Given the reticence of the wind industry to acknowledge this problem, I can understand the homeowners wanting some assurance that the acousticians conducting the tests were not industry representatives. It is such a pity that science is over-looked in favor of politics, both in discussions on this topic, and in permitting. Westwood Professional Services biologist Rob Bouta spelled this out quite clearly in a power point previously available on the internet. If we’re going to get scientific solutions to science based problems, we need to focus on science, not perceptions.

By Mary on Jan 8, 2013

I live amongst 86 turbines and the noise is very real. If you would like to come stay at the homes in our area, I am sure someone would love to have you visit us. Many nights we hear them in our home and have many sleepless nights. So, unless you have experienced it first hand like many residents in many states have, I don’t feel you have an opionion because it is not effecting your health.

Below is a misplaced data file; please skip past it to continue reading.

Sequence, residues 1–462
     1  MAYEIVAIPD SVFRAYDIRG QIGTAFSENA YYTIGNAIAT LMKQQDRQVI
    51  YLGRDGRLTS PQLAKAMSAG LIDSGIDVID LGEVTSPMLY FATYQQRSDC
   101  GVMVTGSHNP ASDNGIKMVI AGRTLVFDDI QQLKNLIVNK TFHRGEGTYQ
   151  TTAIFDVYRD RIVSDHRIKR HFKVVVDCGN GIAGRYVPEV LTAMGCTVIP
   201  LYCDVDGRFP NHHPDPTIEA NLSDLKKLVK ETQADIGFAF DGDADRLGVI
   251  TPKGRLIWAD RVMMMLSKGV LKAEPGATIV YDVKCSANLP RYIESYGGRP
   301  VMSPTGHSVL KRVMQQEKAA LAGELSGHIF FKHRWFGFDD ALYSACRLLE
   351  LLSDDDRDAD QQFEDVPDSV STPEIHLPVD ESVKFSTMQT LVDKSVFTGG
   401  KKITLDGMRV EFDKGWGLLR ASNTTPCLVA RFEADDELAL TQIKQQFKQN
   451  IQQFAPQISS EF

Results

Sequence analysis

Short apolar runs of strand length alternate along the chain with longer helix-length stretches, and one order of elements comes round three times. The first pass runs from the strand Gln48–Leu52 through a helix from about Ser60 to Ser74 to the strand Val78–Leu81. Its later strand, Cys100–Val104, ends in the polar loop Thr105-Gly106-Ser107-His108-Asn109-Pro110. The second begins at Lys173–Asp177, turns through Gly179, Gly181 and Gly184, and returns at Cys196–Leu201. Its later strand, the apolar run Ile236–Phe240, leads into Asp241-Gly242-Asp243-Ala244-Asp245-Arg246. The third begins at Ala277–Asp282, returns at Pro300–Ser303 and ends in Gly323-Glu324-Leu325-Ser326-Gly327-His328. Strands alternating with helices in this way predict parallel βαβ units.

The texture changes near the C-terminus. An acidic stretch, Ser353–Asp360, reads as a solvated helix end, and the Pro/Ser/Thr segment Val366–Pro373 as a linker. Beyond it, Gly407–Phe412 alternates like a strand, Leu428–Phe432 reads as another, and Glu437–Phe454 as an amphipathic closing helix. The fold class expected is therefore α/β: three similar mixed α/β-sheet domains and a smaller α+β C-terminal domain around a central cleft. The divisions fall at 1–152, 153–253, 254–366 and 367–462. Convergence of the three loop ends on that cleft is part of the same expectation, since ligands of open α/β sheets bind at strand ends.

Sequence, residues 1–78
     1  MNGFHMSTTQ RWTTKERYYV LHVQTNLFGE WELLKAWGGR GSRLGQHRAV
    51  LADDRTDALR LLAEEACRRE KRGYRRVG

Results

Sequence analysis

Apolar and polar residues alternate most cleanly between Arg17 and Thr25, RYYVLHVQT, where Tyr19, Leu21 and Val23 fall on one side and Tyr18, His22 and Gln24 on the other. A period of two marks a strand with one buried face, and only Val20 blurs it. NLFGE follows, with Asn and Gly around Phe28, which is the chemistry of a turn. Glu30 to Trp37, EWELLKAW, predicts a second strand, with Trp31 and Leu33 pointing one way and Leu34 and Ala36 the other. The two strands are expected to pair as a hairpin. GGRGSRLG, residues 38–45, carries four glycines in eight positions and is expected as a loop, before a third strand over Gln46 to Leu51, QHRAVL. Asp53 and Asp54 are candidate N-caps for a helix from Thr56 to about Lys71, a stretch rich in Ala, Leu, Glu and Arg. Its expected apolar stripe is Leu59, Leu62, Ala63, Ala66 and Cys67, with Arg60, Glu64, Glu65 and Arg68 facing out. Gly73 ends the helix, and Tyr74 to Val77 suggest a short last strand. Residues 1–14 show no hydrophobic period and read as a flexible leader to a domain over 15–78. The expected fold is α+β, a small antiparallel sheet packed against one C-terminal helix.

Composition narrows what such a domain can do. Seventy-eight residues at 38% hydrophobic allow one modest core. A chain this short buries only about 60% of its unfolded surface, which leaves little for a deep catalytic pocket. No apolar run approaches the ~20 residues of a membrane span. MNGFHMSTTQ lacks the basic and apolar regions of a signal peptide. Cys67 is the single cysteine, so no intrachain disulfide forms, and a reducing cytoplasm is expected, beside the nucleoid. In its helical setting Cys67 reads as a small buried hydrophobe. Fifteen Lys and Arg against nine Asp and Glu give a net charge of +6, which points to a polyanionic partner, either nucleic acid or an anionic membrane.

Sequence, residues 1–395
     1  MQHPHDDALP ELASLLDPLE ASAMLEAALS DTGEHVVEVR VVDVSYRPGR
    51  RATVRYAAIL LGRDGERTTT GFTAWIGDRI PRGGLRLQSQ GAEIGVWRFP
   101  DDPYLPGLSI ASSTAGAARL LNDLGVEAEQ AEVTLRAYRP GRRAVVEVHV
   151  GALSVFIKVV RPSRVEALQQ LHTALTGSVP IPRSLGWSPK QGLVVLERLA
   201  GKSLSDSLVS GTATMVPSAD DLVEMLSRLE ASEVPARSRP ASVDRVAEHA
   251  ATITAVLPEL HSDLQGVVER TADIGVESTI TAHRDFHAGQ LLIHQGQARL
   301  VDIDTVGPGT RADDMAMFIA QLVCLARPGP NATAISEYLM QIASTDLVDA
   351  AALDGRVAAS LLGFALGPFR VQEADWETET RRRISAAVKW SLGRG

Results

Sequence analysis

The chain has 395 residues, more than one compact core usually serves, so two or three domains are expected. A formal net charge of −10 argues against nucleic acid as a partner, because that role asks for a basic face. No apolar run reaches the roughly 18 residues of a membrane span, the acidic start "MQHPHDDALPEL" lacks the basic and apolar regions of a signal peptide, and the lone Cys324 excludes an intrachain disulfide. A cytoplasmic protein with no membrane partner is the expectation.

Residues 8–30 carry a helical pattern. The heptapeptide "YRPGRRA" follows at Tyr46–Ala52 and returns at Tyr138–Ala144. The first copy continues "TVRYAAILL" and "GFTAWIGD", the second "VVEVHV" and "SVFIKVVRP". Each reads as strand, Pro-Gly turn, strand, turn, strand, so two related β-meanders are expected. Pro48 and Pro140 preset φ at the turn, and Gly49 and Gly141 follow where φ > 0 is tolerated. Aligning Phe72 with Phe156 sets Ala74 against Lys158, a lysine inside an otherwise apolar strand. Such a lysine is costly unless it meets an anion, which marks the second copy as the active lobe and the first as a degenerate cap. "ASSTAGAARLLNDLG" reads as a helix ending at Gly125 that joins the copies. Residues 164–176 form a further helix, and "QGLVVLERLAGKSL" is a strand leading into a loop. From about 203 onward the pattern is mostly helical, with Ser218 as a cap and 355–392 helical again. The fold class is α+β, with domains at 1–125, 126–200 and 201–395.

By Iivinginohio on Jan 8, 2013

No one disputes that they make noise. This study and several others have confirmed that. Whether turbines cause health problems is a separate question, one that this study was not designed to address.

The point here is not to deny that this is an issue, but to explain exactly what this report does and doesn’t say.

By Ken Paulman on Jan 9, 2013